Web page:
Opec sees balanced oil market next year

Filed on July 14, 2015 | Last updated on July 14, 2015 at 08.36 am
Opec sees balanced oil market next year
Workers perform maintenance on oil pipelines at the Sirte Oil Company in Brega October 20, 2013. For Libyan militia leader Ibrahim al-Jathran, shutting down half the country's oil production with an armed militia is not a crime, it is the start of a just battle for a fair share of country's petroleum wealth. From his base near the Mediterranean oil terminal of Brega, the 33-year-old war hero from the uprising against Muammar Gaddafi has taken control of the main oil ports to demand more autonomy and oil for his eastern region from faraway Tripoli.

(Reuters file)

Saudi Arabia raises oil production to a record

The global oil market should be more balanced next year as China and the developing world increase oil consumption while supply of shale oil from North America and other regions grows more slowly, Organisation of the Petroleum Exporting Countries, or Opec, said on Monday.

In its monthly report, Opec said it expected world oil demand to increase by 1.34 million barrels per day (bpd) in 2016, up from growth of 1.28 million bpd this year.

This would outpace the growth of oil supply from non-Opec sources and ultra-light oils such as condensate, increasing demand for Opec crude oil, it said.

"This would imply an improvement towards a more balanced market," Opec's in-house economists said in the report.

Opec said it expected demand for its own crude oil to rise by 860,000 bpd in 2016 to 30.07 million bpd. But it cut its estimate of demand for its crude this year by 100,000 bpd to 29.21 million bpd.

Supply of oil from non-Opec producers was expected to grow by only 300,000 bpd in 2016, down sharply from growth of 860,000 bpd this year. US oil output, which has seen rapid increases over the last five years thanks to the development of huge shale resources by "fracking", is expected to log much more modest supply growth in 2016.

"Total US liquids production is expected to grow by 330,000 bpd, just one third of the growth of 930,000 bpd expected this year," it said.

World oil supply has grown much faster than demand this year, led by Opec as its core members in the Middle East attempt to build market share, leading to higher inventories.

Saudi Arabia, in particular, has pushed up its oil production to record highs, industry sources say.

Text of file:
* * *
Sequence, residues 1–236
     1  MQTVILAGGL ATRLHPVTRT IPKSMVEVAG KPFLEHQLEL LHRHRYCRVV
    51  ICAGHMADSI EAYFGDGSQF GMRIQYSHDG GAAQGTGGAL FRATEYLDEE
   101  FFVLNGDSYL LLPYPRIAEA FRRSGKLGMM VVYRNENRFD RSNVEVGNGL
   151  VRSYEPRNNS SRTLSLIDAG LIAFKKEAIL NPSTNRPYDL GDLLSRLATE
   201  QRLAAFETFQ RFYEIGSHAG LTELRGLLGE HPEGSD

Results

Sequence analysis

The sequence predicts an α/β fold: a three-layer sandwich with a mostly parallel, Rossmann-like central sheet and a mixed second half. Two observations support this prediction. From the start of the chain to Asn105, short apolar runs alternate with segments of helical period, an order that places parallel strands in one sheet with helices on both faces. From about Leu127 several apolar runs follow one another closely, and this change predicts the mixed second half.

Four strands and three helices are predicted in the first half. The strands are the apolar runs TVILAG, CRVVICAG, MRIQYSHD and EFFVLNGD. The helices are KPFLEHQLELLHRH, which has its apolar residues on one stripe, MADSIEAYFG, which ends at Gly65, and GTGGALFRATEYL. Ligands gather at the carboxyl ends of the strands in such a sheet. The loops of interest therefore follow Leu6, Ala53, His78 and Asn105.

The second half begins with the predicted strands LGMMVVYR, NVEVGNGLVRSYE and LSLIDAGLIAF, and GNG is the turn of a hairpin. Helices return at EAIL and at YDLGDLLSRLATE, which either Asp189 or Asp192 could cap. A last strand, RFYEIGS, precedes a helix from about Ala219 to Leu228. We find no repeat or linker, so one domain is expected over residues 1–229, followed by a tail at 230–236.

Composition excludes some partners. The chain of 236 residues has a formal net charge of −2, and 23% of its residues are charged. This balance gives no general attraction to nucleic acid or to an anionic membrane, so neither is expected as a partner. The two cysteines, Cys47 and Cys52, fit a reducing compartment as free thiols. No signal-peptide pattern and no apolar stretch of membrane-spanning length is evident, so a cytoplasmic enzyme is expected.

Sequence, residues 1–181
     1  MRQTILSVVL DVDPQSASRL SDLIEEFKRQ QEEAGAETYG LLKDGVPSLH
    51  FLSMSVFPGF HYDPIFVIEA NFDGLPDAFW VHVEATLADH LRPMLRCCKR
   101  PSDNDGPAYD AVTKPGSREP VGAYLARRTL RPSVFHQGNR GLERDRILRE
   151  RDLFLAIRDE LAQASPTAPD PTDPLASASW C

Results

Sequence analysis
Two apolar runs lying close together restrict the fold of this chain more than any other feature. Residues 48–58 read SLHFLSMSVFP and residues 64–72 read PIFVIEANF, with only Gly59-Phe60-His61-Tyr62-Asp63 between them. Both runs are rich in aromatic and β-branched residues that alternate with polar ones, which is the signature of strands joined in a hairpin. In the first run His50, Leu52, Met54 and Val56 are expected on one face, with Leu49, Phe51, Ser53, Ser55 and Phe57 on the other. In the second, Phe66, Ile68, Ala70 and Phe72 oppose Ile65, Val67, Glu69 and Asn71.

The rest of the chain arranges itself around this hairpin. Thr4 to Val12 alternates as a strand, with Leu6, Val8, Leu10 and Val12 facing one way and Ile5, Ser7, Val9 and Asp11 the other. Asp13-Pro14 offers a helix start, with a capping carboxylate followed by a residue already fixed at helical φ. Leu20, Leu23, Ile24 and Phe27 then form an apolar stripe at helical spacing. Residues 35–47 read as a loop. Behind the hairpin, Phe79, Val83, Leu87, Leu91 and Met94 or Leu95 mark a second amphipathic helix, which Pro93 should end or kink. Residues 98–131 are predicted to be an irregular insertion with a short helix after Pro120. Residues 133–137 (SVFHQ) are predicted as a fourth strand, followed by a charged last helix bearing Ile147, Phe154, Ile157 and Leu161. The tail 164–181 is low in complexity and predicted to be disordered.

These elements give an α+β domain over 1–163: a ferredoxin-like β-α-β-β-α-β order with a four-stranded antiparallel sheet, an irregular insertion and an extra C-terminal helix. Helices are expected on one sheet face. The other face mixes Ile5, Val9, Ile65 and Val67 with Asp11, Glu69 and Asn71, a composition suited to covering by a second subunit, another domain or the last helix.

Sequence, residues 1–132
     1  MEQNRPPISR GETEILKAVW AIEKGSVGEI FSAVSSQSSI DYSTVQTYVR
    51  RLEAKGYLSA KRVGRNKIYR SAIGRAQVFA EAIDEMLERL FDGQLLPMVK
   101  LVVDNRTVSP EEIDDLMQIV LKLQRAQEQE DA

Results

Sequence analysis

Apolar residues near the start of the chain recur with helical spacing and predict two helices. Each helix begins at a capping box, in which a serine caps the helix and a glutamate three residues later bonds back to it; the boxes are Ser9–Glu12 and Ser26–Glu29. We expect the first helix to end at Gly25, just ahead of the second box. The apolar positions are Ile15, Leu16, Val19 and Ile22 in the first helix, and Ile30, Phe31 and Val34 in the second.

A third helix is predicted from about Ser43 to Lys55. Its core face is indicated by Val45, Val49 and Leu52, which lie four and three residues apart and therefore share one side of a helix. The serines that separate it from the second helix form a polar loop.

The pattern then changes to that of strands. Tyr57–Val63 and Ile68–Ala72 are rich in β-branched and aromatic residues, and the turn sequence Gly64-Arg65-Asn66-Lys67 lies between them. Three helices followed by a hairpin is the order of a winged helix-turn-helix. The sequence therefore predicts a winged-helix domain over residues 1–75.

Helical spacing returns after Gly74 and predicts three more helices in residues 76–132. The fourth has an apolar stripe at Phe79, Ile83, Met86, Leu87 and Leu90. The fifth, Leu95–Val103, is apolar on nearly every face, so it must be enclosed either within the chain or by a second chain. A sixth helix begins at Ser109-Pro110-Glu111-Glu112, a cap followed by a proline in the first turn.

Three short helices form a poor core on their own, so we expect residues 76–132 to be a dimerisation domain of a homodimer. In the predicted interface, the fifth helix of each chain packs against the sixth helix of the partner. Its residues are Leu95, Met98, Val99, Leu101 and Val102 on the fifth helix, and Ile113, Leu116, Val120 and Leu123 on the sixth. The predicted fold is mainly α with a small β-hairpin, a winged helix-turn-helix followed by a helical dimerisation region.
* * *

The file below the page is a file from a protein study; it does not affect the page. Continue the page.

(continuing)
Opec estimated, based on figures from secondary sources, that its own group crude oil output rose 283,000 bpd to 31.38 million bpd in June, led by Iraq, Saudi Arabia and Nigeria.

It said Saudi Arabia had told it that it pumped 10.56 million bpd last month, up 231,000 bpd from May. Saudi Arabia told Opec it raised oil production to a record as the organisation forecast stronger demand for its members' crude in 2016.

The world's biggest oil exporter pumped 10.564 million barrels a day in June, exceeding a previous record set in 1980, according to data the kingdom submitted to the Organisation of Petroleum Exporting Countries, or Opec. The group expects demand for its crude to rise in 2016 compared with this year as supply elsewhere falters and consumption growth quickens.

Opec said it expects global oil markets to rebalance as diminished output from rival producers such as US shale drillers whittles away a glut. The strategy is taking time to have an impact, with crude prices remaining 46 per cent below year-ago levels and annual US production forecast to reach a 45-year high.

"An improvement towards a more balanced market" is likely in 2016 as consumption grows faster than supply, Opec's Vienna- based research department said on Monday in its monthly market report. "Momentum in the global economy, especially in the emerging markets, would contribute further to oil demand growth in the coming year."

Brent crude futures fell 1.8 per cent to $57.70 a barrel at 10:51am local time on the London-based ICE Futures Europe exchange, extending a 2.6 per cent loss last week.

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